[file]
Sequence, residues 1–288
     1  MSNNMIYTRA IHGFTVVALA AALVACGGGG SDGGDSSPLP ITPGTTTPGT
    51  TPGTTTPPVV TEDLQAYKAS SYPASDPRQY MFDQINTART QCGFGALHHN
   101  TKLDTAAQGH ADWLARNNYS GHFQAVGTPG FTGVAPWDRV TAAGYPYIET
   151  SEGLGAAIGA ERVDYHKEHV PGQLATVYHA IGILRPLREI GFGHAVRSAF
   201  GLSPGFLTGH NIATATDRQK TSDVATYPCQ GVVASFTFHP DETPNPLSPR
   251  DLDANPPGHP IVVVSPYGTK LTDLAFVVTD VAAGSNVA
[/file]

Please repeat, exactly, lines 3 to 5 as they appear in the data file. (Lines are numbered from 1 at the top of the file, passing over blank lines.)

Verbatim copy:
    51  TPGTTTPPVV TEDLQAYKAS SYPASDPRQY MFDQINTART QCGFGALHHN
   101  TKLDTAAQGH ADWLARNNYS GHFQAVGTPG FTGVAPWDRV TAAGYPYIET
   151  SEGLGAAIGA ERVDYHKEHV PGQLATVYHA IGILRPLREI GFGHAVRSAF